Because Doric architecture is known for its plain straight lines and very regular patterns, it is surprising to find so few straight structural elements in the Parthenon. The steps are slightly curved to match the curve of the terrain, as is the entablature—the horizontal beam that rests on top of the outside columns. The columns themselves are not completely vertical; they tilt slightly inward and are not evenly spaced, with the columns at the corners being slightly closer together. Many theories have been proposed to explain these deviations from the true vertical and horizontal. One theory maintains that they resulted from the purely functional consideration that a slightly curved structure would help deal with problems of drainage and settling. Another theory suggests that the deviations were used to correct optical illusions that distort perfectly vertical profiles. Others have suggested that such refinements were intended to place the building in greater harmony with its surroundings. Whatever the true reason, the effect is the same—a building of extraordinary beauty and grace.

Sculpture and Decoration. The Parthenon was seen by its designers not merely as an impressive building but also as a great work of art. The famous Greek sculptor Phidias designed all the sculpture and statuary in the temple, including the gold and ivory statue of Athena that stood 40 feet high. The statue no longer survives, although it seems to have remained intact as late as the A.D. 100s. The only description of it comes from the Greek writer and traveler Pausanias and a few small replicas of the statue that differ somewhat in detail. The Parthenon’s outside frieze—the decorated band of marble just below the roof—contained carvings of combat between mythical figures, gods, giants, and Amazons. The frieze of battle scenes ran along all four sides of the building, but the variety of poses and attitudes of the figures added interest to this single subject.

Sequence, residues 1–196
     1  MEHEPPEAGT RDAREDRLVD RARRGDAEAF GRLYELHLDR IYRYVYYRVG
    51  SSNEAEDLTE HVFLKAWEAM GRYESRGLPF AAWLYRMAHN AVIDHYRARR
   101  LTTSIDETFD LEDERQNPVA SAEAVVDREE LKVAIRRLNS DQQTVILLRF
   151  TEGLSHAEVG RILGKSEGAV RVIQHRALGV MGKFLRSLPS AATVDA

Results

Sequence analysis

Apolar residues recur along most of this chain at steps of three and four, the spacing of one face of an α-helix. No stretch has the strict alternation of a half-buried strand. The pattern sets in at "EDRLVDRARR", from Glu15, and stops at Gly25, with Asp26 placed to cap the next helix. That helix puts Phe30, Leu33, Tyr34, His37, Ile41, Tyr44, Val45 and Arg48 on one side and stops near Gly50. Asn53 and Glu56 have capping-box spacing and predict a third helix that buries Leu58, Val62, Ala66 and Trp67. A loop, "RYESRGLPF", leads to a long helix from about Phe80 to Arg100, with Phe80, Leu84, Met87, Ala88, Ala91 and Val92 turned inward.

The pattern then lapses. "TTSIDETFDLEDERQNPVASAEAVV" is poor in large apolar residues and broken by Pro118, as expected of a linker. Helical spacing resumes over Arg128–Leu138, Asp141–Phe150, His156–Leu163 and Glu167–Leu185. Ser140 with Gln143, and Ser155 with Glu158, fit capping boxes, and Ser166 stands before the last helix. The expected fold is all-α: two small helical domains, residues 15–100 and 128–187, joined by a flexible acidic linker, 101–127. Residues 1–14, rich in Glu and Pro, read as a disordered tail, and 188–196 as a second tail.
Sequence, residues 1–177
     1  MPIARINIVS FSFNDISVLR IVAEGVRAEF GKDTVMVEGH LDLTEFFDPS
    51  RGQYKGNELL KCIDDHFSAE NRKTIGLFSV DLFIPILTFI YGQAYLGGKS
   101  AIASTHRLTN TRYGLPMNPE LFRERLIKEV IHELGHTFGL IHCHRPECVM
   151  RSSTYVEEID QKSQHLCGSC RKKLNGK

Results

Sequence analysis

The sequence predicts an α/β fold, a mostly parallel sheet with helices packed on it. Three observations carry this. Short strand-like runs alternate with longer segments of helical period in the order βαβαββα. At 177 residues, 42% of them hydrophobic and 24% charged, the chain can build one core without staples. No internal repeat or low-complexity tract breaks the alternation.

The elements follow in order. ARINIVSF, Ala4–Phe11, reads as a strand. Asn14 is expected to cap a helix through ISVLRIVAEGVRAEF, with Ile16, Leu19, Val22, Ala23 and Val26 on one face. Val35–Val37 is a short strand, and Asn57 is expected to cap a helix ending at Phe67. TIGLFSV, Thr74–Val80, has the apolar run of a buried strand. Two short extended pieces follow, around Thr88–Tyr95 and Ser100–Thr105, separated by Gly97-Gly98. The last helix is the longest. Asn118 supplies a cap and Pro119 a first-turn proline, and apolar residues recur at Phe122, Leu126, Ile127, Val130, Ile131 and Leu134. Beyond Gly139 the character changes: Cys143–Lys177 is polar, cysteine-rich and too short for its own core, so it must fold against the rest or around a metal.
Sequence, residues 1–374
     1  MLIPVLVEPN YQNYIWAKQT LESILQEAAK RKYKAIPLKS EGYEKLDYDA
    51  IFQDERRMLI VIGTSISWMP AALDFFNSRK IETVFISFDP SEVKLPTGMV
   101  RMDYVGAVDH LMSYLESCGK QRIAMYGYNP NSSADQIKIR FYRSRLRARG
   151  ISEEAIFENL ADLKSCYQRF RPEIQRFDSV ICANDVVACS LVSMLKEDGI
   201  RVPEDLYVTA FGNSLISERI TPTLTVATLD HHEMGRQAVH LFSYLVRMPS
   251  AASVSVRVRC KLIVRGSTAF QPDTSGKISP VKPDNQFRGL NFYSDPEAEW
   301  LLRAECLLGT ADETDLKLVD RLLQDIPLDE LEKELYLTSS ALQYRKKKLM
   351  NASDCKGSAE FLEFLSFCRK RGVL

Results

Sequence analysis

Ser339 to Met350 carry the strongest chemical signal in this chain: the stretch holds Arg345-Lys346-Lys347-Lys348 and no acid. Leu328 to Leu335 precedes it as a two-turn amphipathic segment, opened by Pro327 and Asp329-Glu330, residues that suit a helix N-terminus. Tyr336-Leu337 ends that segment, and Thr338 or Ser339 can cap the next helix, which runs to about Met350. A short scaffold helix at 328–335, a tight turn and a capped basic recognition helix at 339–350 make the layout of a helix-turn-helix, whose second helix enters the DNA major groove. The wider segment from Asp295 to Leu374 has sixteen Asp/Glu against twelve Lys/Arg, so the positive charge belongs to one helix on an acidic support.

An ingenious interior frieze around the cella shows a procession of Athenian citizens and is designed to create the impression of the passage of time. The figures in the procession are posed in such a way that, depending on the portion of the frieze being viewed, time and motion seem to speed up or slow down. The frieze was seen from below in a light that was reflected from a colored surface, and that made the plain walls more attractive by emphasizing the contrast of light and shadow in the carved figures on the frieze. The subject of the procession seems to be the procession that took place every four years during the All-Athenian Festival. The citizens of Athens gathered in the agora, or marketplace, and carried a robe for the statue of Athena to the Acropolis.